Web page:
Unorthodox measures – though more frequently used in the past than we are often led to believe, even in advanced economies – are, however, generally against current EU treaties, or they cross red lines of other Member States.

Stuck between a rock and a hard place, the approach at national and European level has been to focus on the short term, employing a combination of the orthodox options, keeping fiscal accounts broadly under control, trying to reduce debt at the margin in good times, and hoping for a supportive external environment.

Unorthodox measures – though more frequently used in the past than we are often led to believe, even in advanced economies – are, however, generally against current EU treaties, or they cross red lines of other Member States.

The second case in point relates to the euro-zone architecture more broadly. By now, it is widely accepted that economic and monetary union (EMU) as it stands is incomplete and dysfunctional, leading for example to harsher drops in GDP during bust cycles (Martin and Philippon 2017). While individual solutions to this problem differ, most economists agree that without a political union the whole euro construct cannot hold together long-term[5]. Having concluded that this is politically unfeasible, the approach has been to focus on short-term patches and hope that a crisis as large as 2008 will not hit any time soon.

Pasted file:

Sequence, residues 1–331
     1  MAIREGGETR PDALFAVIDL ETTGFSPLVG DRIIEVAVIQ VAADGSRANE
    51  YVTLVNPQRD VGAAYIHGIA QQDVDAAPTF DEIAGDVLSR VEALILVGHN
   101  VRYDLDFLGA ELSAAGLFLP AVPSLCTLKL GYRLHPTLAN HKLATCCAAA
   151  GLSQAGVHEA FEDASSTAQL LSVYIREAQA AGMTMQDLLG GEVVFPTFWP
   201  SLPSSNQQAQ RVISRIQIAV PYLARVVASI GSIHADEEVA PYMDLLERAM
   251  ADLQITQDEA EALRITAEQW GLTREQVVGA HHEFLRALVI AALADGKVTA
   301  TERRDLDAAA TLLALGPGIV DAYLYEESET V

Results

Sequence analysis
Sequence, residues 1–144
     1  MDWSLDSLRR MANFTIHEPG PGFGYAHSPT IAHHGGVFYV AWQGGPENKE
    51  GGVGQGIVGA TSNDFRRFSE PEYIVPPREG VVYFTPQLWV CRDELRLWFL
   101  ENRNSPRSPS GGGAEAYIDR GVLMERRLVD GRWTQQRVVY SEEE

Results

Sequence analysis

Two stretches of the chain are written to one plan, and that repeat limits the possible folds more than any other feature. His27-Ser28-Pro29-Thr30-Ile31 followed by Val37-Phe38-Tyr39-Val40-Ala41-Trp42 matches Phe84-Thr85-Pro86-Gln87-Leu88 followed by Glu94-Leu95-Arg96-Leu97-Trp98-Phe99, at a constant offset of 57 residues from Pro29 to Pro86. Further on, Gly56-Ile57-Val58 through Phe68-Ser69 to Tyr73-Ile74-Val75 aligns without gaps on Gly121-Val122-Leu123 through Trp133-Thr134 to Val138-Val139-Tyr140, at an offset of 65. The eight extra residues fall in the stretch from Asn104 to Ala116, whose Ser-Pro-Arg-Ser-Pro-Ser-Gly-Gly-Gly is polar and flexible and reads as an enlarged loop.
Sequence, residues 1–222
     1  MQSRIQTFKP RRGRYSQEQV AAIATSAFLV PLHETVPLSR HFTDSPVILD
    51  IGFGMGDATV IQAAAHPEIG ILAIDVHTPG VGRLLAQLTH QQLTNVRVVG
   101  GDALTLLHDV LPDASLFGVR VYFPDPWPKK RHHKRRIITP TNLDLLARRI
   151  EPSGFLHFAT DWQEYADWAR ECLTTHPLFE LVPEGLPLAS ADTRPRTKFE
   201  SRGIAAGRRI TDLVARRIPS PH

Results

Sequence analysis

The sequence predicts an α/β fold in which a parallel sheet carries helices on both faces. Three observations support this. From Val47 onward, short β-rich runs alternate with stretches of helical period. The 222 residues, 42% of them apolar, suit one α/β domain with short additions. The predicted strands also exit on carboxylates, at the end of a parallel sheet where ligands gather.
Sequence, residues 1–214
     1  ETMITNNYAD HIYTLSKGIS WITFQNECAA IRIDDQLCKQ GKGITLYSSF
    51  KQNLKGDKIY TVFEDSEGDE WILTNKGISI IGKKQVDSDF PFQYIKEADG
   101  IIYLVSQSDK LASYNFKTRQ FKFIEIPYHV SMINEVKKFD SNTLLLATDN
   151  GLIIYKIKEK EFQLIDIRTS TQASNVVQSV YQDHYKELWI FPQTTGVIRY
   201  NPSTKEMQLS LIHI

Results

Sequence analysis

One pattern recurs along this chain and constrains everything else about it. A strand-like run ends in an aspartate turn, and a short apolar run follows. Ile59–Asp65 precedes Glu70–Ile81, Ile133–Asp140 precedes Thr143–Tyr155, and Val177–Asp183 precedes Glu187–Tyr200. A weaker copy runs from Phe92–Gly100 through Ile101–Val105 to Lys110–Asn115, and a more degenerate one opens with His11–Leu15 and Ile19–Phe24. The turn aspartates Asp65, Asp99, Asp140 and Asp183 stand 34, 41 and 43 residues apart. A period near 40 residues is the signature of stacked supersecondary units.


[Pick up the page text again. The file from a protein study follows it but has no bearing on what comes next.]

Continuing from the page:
This piecemeal, small-step approach might be tolerable for euro-area member states under normal economic conditions. However, in a country that underwent 20 years of real GDP stagnation, and with no clear path to exiting this negative equilibrium in the near term, radical changes are more likely to be sought rather than small tweaks around the status quo.